Review of Sand Production from Oil Well Completions Across Depositional Environments in the Niger Delta

Onikoyi, Abiola S. (Shell Petroleum Development Company) | Nwabueze, Vincent O. (Shell Petroleum Development Company) | Okoro, Felix O. (Shell Petroleum Development Company) | Ajienka, J.A. (University of Port Harcourt)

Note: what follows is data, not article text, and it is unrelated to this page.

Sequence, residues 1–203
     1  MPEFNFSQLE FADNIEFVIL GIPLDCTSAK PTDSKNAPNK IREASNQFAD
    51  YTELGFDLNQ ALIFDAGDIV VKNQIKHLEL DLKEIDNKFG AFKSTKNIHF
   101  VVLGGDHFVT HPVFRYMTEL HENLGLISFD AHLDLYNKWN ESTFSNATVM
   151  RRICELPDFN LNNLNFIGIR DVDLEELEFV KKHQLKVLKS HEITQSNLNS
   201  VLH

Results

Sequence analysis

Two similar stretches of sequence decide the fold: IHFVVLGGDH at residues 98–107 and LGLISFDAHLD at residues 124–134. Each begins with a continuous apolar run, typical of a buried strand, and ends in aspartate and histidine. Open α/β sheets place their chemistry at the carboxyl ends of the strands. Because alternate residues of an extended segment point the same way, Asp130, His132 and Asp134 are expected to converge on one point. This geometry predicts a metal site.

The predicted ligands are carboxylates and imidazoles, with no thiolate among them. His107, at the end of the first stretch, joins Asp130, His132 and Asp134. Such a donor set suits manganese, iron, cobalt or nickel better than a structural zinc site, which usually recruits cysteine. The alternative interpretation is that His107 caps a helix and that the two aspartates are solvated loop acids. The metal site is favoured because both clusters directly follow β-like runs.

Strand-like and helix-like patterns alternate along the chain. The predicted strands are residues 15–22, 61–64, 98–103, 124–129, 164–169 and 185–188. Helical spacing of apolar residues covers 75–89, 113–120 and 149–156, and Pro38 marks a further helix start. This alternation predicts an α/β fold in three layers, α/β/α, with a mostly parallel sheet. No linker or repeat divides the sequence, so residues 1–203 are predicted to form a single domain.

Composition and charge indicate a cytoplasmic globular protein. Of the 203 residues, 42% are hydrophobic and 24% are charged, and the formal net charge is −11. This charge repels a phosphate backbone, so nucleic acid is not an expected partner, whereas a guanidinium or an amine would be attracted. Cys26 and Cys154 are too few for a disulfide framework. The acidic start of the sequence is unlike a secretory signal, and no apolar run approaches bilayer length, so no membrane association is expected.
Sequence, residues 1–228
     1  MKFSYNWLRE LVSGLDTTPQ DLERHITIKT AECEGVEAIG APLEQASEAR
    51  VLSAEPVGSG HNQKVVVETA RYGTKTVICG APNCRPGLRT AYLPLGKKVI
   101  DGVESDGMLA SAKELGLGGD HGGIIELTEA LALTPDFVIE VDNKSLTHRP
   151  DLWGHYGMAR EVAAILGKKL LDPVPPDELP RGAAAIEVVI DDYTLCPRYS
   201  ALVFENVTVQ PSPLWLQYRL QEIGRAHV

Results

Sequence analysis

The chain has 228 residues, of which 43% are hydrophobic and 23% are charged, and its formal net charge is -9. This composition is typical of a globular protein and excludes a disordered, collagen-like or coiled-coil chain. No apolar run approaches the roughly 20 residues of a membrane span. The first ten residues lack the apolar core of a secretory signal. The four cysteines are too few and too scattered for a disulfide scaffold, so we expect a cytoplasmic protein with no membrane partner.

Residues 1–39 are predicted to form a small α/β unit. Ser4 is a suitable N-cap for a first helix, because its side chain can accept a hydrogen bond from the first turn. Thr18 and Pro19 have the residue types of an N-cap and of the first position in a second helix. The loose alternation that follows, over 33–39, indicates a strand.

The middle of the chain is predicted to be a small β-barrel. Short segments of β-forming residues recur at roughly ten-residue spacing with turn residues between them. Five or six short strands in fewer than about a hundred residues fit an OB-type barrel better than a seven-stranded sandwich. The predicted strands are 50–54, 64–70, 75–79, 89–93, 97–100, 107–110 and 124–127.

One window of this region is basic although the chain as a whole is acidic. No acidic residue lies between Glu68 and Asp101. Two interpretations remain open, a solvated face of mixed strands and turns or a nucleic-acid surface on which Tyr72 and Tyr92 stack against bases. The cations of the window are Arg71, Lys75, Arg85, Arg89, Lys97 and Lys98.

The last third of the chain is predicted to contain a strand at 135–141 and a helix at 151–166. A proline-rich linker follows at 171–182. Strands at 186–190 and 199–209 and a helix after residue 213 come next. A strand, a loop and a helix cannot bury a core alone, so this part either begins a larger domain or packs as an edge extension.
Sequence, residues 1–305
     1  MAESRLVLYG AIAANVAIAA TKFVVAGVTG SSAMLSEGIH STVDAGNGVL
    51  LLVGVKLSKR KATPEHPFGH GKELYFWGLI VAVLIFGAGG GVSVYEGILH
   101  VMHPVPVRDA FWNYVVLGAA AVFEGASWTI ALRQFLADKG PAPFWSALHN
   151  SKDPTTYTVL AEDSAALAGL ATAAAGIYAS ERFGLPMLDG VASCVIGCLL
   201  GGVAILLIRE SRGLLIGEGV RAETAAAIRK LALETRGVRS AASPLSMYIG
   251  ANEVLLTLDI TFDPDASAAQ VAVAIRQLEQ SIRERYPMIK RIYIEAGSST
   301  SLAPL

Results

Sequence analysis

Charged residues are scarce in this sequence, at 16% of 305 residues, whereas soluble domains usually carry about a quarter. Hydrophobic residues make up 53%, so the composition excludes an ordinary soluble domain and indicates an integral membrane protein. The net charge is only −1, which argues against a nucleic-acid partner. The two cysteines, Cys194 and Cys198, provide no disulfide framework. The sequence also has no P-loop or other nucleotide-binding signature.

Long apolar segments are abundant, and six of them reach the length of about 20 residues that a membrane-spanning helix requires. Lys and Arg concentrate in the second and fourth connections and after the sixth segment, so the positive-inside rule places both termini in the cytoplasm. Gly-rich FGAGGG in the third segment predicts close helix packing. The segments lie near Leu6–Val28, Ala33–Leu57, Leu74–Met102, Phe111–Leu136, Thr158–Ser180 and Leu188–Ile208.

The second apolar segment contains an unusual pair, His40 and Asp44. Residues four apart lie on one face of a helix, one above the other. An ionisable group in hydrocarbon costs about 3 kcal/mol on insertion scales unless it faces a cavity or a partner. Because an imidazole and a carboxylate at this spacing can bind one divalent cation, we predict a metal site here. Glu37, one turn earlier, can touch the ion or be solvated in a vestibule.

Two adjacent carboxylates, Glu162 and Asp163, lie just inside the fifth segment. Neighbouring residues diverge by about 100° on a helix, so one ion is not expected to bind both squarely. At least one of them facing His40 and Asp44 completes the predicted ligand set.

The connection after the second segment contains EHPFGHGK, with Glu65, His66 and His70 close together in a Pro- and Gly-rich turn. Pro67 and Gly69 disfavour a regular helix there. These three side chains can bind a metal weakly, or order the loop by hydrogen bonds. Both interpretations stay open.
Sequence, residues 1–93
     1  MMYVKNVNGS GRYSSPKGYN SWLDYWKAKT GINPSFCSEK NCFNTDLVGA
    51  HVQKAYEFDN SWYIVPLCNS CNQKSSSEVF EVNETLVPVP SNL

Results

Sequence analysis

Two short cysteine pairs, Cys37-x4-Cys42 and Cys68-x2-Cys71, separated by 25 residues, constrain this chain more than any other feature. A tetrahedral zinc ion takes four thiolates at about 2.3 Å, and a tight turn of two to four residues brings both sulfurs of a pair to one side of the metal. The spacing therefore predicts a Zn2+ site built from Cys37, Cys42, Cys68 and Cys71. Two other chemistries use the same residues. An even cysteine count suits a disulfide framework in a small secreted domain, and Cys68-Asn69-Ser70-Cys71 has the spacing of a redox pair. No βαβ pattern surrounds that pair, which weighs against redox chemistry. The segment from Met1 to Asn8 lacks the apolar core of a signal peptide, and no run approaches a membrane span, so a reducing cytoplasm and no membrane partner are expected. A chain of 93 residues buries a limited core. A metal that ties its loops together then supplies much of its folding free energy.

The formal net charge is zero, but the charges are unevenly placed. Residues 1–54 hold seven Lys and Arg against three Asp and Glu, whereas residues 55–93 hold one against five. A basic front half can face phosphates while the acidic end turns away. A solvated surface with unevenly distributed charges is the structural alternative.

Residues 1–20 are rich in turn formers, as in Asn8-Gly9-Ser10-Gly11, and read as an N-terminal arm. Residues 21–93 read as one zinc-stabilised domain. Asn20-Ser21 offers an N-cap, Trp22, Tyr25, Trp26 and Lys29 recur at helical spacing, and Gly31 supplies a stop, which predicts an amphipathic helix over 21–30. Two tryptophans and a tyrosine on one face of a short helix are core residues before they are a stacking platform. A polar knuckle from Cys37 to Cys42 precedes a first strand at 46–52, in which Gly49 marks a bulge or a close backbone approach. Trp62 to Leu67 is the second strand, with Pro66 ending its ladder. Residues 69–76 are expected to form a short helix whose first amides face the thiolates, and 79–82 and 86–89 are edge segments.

Several criteria and strategies have been developed to predict sand failures and to select appropriate sand control methods for improved completion designs and to maximise oil production at moderate unit technical cost. The depth criterion, SPADE equation, Rock Mechanic Equations incorporating Brinell Hardness Number and Unconfined Compressive Strength have been used extensively to predict sand production tendencies and to propose completion types. None of these criteria and strategies has explicitly incorporated the depositional environmental factor that defines the origin of these oil-bearing formations. A recent study aimed to correlate depo-belts and depositional environments to actual sand production using historical data of producing wells in the Niger Delta but covered only the Greater Ughelli depo-belt to some depths (SPE-163010). That study indicated a predominance of high sand producers in the channel sands depositional environment of the Greater Ughelli Depobelt. This paper therefore seeks to complete the investigation across all the remaining depo-belts and litho-facies and to share the review outcomes/ findings with the goal of establishing correlation between known rock mechanic principles and models used in sand failure prediction and sand control selection as a total system approach, providing wider solutions to sand control challenges in the oil industry.